Gil Kenan

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Gil Kenan
Gil Kenan, 34th Annie Awards, 2007.jpg
Kenan in 2007, at the 34th Annie Awards
Born (1976-10-16) October 16, 1976 (age 41)[1]
London, England
Alma mater UCLA School of Theater, Film and Television
Occupation Film director
Years active 2002-present
Notable work Monster House
City of Ember
Eliza Chaikin (m. 2005)

Gil Kenan (born October 16, 1976) is a British-American film director and screenwriter, best known for his work on the films Monster House and City of Ember.

Life and career[edit]

Kenan was born in London. When he was three, his family moved to Tel Aviv. At age eight, they moved to Reseda, Los Angeles.[1]

He studied at the film division of the University of California, Los Angeles where he received a MFA degree in animation in 2002.[2][3] For his graduate thesis, he created a 10-minute stop-motion/live-action film, The Lark.[2][4]

The first public screening of The Lark caught the attention of Jordan Bealmear, who was an assistant at Creative Artists Agency.[5] The agency sent hundreds of copies of Kenan's short to interested parties in the film industry, and after a few months of interviews,[5] Robert Zemeckis offered Kenan the director's chair for his first feature, 2006's Monster House.[5] Executive produced by Zemeckis and Steven Spielberg,[5] it was nominated for a 2006 Academy Award for Best Animated Feature.[6]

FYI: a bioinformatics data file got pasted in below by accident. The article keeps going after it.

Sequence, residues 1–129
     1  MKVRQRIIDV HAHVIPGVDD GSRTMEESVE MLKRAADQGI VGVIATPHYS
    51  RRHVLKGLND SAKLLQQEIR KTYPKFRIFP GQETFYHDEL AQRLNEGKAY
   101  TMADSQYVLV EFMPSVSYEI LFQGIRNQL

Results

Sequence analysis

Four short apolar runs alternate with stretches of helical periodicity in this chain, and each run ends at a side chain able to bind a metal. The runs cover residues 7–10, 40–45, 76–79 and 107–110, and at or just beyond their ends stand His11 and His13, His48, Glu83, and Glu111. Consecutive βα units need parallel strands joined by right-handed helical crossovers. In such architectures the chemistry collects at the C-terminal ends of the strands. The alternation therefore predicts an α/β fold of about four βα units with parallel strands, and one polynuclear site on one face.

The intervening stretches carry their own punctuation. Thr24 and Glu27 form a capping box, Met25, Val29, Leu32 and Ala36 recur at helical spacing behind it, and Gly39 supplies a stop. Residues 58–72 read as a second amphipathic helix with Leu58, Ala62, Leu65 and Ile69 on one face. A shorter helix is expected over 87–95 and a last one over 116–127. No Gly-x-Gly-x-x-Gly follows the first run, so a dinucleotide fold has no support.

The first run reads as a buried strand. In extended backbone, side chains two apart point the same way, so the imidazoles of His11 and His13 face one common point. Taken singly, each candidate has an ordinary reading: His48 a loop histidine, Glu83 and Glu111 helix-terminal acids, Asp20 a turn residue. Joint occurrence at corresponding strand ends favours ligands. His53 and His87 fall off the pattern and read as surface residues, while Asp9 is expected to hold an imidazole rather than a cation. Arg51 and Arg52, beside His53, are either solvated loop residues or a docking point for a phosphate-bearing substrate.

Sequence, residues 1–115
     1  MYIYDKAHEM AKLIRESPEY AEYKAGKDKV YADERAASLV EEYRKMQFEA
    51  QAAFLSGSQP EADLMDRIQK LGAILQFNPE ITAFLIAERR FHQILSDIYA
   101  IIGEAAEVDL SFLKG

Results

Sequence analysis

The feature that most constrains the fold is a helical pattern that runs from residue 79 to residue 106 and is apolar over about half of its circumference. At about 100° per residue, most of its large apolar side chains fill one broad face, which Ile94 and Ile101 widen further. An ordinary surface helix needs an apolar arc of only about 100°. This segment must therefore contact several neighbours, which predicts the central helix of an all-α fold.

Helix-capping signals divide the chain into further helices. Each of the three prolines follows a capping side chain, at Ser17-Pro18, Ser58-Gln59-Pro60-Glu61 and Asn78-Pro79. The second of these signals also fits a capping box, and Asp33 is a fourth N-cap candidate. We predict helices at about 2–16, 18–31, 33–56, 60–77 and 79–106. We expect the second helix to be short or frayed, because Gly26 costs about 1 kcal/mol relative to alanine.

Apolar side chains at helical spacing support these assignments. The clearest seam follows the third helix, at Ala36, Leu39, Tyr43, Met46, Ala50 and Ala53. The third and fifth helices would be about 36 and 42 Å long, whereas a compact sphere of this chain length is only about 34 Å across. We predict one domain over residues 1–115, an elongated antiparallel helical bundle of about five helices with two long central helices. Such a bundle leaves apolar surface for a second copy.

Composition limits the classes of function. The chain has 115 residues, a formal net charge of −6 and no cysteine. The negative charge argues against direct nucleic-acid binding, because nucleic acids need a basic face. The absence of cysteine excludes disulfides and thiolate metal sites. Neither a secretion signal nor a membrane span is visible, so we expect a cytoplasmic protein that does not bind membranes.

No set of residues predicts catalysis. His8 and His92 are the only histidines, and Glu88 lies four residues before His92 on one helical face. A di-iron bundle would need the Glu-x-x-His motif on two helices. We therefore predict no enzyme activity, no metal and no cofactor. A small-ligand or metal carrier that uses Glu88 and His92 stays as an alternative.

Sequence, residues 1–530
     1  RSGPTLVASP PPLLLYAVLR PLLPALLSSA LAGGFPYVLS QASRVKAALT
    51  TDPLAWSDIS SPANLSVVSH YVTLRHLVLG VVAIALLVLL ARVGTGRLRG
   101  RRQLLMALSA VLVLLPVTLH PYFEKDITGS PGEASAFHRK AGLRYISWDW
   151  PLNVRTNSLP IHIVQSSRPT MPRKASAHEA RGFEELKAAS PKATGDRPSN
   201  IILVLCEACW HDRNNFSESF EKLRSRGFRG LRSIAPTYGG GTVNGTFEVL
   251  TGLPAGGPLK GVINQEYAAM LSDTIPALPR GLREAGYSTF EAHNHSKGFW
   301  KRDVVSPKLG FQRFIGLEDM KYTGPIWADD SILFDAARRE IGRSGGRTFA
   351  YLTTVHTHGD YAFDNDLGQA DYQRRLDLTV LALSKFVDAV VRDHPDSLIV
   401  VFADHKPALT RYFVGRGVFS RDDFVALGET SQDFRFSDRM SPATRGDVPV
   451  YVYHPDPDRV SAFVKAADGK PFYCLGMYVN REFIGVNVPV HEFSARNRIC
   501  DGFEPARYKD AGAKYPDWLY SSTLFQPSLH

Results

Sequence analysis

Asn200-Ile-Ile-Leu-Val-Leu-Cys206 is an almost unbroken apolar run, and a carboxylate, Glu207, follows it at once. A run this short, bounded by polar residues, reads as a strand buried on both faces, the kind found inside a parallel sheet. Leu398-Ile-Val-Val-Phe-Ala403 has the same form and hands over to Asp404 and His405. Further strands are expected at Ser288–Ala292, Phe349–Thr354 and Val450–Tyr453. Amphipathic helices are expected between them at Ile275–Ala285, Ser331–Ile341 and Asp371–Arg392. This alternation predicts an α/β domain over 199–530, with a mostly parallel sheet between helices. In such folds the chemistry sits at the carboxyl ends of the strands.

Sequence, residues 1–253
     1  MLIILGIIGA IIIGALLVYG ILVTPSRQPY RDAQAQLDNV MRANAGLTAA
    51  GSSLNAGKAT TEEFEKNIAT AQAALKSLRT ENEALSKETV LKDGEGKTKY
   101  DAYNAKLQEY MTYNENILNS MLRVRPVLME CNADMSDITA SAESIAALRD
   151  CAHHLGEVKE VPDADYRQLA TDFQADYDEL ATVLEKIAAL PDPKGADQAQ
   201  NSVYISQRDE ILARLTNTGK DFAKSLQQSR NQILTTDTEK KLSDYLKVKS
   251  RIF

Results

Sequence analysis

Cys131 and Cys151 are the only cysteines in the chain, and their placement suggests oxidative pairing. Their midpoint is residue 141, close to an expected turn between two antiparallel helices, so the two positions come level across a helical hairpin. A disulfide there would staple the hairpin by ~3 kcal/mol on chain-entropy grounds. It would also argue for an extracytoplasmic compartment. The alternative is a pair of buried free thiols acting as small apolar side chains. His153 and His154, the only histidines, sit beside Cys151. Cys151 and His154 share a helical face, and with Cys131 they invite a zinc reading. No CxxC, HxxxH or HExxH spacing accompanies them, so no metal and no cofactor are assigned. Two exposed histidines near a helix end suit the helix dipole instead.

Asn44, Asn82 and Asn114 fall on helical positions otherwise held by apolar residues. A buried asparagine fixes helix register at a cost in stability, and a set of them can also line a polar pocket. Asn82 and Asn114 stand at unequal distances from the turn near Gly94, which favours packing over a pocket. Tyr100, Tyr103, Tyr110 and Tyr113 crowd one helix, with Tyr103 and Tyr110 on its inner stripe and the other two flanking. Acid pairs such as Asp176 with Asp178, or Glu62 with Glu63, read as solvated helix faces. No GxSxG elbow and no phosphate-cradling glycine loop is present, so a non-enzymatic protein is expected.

Kenan followed Monster House with City of Ember, a post-apocalyptic adventure based on Jeanne Duprau's 2003 novel.[7] Produced by Tom Hanks,[7] it was released in October 2008 to mixed reviews but poor box office results.[8][9] Kenan's next film, Poltergeist, a remake of the 1982 Tobe Hooper film of the same name, was released in May 2015. In July of that same year, Kenan signed on to direct and co-write a film adaptation of the video game Five Nights at Freddy's[10] but later withdrew from the project.

Personal life[edit]

In 2005,[1] Kenan married Eliza Chaikin, who served as art director on City of Ember.[3]


Year Film Director Other Notes
2004 The Lark Yes Yes Writer; short film
2006 Monster House Yes Yes Performer: "Thou Art Dead"
2008 City of Ember Yes
2015 Poltergeist Yes
2016 Scream Yes Episode: "Village of the Damned"
2017 The Little Hours Yes Special thanks


  1. ^ a b c d Daly, Steve (July 26, 2006). "House Beautiful". Entertainment Weekly. Retrieved January 23, 2014. 
  2. ^ a b Furniss, Maureen (November 27, 2002). "Fresh from the Festivals: November 2002's Film Reviews". Animation World Network. Retrieved January 23, 2014. 
  3. ^ a b Burke, Anne (July 14, 2006). "Monster Man". UCLA Magazine. Retrieved January 23, 2014. 
  4. ^ Pfefferman, Naomi (February 22, 2007). "Scary 'Monster House' comes direct from the basement". Jewish Journal. Retrieved January 23, 2014. 
  5. ^ a b c d Murray, Chris (August 7, 2006). "Gil Kenan: on Monster House, Robert Zemeckis & His Big Break". PopcornTaxi. Archived from the original on February 8, 2014. Retrieved January 23, 2014. 
  6. ^ Baisley, Sarah (January 23, 2007). "Cars, Happy Feet and Monster House Vie for Best Animated Oscar". Animation World Network. Retrieved January 23, 2014. 
  7. ^ a b Wolff, Ellen (October 10, 2008). "Director Kenan Shines a Light on 'City of Ember'". Animation World Network. Retrieved January 23, 2014. 
  8. ^ "City of Ember (2008)". Rotten Tomatoes. Retrieved January 23, 2014. 
  9. ^ "City of Ember (2008)". Box Office Mojo. Retrieved January 23, 2014. 
  10. ^ "Five Nights at Freddy's". Deadline. Retrieved January 4, 2018. 

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